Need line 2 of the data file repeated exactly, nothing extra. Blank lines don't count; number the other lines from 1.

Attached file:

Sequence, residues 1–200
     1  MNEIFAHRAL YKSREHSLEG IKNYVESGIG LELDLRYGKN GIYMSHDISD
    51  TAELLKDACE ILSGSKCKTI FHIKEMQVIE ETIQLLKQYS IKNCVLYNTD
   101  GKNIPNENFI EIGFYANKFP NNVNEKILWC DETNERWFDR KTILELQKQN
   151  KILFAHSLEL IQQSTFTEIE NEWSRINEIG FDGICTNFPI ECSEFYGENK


     1  MNEIFAHRAL YKSREHSLEG IKNYVESGIG LELDLRYGKN GIYMSHDISD